13. I plan my fuel buys carefully, and when I absolutely have to buy fuel from a small player, I sample the fuel by placing it into a fruit jar that I carry specifically for sampling. If it looks good, I buy what I need. Gotta be a light green usually with no obvious contaminants. The TA was never a favorite of mine. I did and still use the Petros when necessary. They were a cut above and still seem to be even though TA bought them. Oddly, I have never seen a mom and pop across the street from a Flying J offering fuel for a much lower number. We also use cash for fuel. I estimate the needed amount, pay cash at the fuel desk, and then fuel. If I can't get it all in our tank, I go in for a partial refund. Works every time. Have never known anyone to charge more for paying cash. When I was a trucker I used the Flying J card and really chalked up the rewards points. I often used 500 or more gallons a week, used a Racor fuel/water separator, and was very happy with the lack of appreciable water to drain. Only used additives back then for winter driving. Saw a lot of temps below zero as I traveled the northwest. Started trucking in 1965. The more sophisticated fuel filtering that goes on now did not exist then. Do not remember even air dryers , but we got by. Barge gas! πŸ€”πŸ™„
  14. obedb

    Turbo Pressure -- Curiosity Questions

    Will add this/ 27 psi is pretty much normal. On a really chilly day it might approach 30. No living human could possibly teach Motorhome 101. Still struggling with remedial Motorhome classes and that started in 1986 with a rental to be amplified by a purchase in 1988.πŸ™„ ,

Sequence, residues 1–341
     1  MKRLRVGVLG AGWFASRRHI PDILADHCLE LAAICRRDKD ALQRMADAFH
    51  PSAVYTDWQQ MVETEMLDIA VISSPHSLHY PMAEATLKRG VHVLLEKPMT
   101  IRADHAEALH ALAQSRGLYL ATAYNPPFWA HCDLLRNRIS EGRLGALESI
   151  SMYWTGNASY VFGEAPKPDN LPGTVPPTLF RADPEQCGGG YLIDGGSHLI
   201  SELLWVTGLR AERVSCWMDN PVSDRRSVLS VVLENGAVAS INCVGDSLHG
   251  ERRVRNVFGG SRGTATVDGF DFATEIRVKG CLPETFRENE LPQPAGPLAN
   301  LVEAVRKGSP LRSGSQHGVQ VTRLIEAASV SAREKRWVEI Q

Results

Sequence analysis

15. If you have to line up behind big rigs at the J or Pilot, that means you are getting good fuel. The fuel trucks are constantly at work trying to keep the big rigs fueled. Everybody gets maybe a small dose of bad stuff (but not enough to clog filters) because the constant deliveries keep the In ground tanks washed out. In spite of what the occasional miscreant thinks , have never gotten any bad fuel at the Flying J. Years ago, maybe early 90s I was able to engage a Flying J tanker driver in conversation at the Amarillo station. He probably would have been disciplined by the manager for being forthcoming, but I remember him saying that the tanker was used around the clock and the local pipeline fuel rack was nearby. The amount of fuel pumped daily was amazing. I wanna say close to 100,000 gallons a day, but I would not bet big money on that. It was a major fueling station for big trucking companies and small guys like me. It was Texas with low taxes , and fuel got more expensive as you headed west. My point is , once again, that if you have to wait behind a lot of big rigs to fuel, you are getting quality fuel from a high volume store. That is why I prefer the Flying J. I do have a story about bad fuel and no replacement filter while going over Donner Pass. Another time. Learned a lesson on that encounter . Never again. It applies to anybody with a diesel powered motorhome.